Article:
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Michel Toliver v. Commissioner of Nyc D.O.C. et al

November 3, 2011

MICHEL TOLIVER, PLAINTIFF,
v.
COMMISSIONER OF NYC D.O.C. ET AL., DEFENDANTS.



The opinion of the court was delivered by: Denise Cote, District Judge:

OPINION & ORDER

The defendants have requested that the complaint in this case be dismissed pursuant to Rules 37(b)(2) and 41(b), Fed. R. Civ. P. The complaint is dismissed with prejudice.

BACKGROUND

The plaintiff Michael Toliver ("Toliver"), proceeding pro se, filed the complaint in this case on August 2, 2010, seeking relief pursuant to 28 U.S.C. § 1983 for violations of his constitutional rights.*fn1 Toliver alleges that retaliatory actions were taken against him by members of the New York City Department of Correction ("NYC DOC") for complaining that corrections officers assaulted him.

An initial pretrial conference was held on March 4, 2011 and by Order of the same day, discovery was scheduled to close on July 29, 2011. Toliver is currently an inmate at the Shawangunk Correctional Facility ("SCF"), a facility of the New York State Department of Correctional Services ("DOCS"). The defendants therefore arranged to take the plaintiff's deposition by video conference at the Southern District Courthouse on July 25. Toliver does not dispute that he was given notice of the deposition. The Court's July 7 Order to Produce Inmate for Deposition (the "Production Order") directed prison officials at SCF to make Toliver available on July 25 for the videoconference deposition.

The deposition commenced at approximately 11:15 a.m. on July 25.*fn2 At the outset, Toliver stated that he did not have a copy of the Production Order, and refused to go forward without "verification" from the Court. When defense counsel offered to hold a copy of the Production Order up to the camera for Toliver's examination, Toliver insisted that he had a right to a hard copy of the order. Defense counsel then contacted the Court and relayed to Toliver that the Court could fax a copy of the Production Order to SCF, or, in the alternative, Toliver could speak directly with the Court. Toliver stated that he would only be willing to go forward if a hardcopy were faxed and he had an opportunity to speak directly to the Court.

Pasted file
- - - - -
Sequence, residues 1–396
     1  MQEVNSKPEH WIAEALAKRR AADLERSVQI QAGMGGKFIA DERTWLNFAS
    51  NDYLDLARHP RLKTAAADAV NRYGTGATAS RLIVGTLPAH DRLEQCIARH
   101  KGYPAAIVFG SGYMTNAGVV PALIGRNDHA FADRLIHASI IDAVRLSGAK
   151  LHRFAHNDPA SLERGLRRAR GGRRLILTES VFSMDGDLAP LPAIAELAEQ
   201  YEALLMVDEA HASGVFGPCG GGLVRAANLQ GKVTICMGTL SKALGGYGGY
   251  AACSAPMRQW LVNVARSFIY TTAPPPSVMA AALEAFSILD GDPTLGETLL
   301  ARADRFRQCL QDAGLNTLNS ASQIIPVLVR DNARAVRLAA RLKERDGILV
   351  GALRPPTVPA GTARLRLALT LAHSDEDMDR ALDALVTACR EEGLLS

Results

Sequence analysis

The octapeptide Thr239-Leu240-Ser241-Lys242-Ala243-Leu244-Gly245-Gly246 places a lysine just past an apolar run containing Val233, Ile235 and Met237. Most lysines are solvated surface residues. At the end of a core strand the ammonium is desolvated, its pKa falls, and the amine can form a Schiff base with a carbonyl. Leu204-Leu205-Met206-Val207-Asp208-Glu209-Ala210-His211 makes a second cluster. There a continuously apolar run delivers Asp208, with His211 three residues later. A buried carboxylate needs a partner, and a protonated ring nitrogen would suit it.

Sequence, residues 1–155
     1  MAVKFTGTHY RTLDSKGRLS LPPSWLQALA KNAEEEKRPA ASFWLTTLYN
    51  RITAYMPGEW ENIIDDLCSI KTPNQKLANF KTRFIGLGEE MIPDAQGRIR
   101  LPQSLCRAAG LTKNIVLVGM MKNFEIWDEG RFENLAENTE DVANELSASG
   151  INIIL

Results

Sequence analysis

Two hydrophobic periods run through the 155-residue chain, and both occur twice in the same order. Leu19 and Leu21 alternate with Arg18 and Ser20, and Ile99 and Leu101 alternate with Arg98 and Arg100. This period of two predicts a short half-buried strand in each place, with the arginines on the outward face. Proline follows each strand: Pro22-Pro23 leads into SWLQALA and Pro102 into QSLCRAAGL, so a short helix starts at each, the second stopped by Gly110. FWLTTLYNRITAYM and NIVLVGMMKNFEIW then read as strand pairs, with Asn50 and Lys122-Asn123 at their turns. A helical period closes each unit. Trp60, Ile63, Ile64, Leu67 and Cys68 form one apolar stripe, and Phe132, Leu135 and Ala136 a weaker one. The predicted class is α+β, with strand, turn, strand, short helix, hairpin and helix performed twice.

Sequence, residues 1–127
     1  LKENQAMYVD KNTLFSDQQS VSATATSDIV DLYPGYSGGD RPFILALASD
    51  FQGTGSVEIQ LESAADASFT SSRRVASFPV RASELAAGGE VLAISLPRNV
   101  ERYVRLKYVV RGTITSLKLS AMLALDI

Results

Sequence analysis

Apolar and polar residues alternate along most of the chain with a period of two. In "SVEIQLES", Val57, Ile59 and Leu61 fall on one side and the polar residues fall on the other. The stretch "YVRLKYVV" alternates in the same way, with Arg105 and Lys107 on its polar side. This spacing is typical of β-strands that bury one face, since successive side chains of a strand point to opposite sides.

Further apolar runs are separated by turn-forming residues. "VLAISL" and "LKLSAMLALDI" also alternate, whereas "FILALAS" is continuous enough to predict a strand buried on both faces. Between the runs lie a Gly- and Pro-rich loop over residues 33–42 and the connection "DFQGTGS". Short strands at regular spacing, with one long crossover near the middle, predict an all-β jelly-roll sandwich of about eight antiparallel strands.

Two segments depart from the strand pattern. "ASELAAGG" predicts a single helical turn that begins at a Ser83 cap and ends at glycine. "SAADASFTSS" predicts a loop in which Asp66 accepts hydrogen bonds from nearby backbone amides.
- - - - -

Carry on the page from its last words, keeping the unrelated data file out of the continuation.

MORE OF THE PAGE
The Court thereupon joined the parties by telephone conference. Defense counsel explained that Toliver was unwilling to move forward with his deposition because he had not received a copy of the Production Order and because Toliver wanted to hear directly from the Court as to whether the deposition should go forward. The Court explained that it was not unusual for a prisoner's deposition to be taken by video conference, and told Toliver that "I want to give you an opportunity to be heard about it, is there anything would you [sic] like to tell me?" Toliver confirmed to the Court that he had received notice of his scheduled deposition from defendants, but claimed that that notice was insufficient to participate. He stated that he required "a copy of your Honor's indication and an order that [he] should be a participant today." The Court then explained to Toliver that no court order is necessary to require a party to a lawsuit to participate in a deposition, and that the Production Order merely allowed the deposition to go forward by videoconference. Toliver was further advised that failure to participate could result in sanctions being entered against him, including dismissal of his action. The Court then ordered Toliver to participate in the deposition. The parties then thanked the Court for joining their conference call.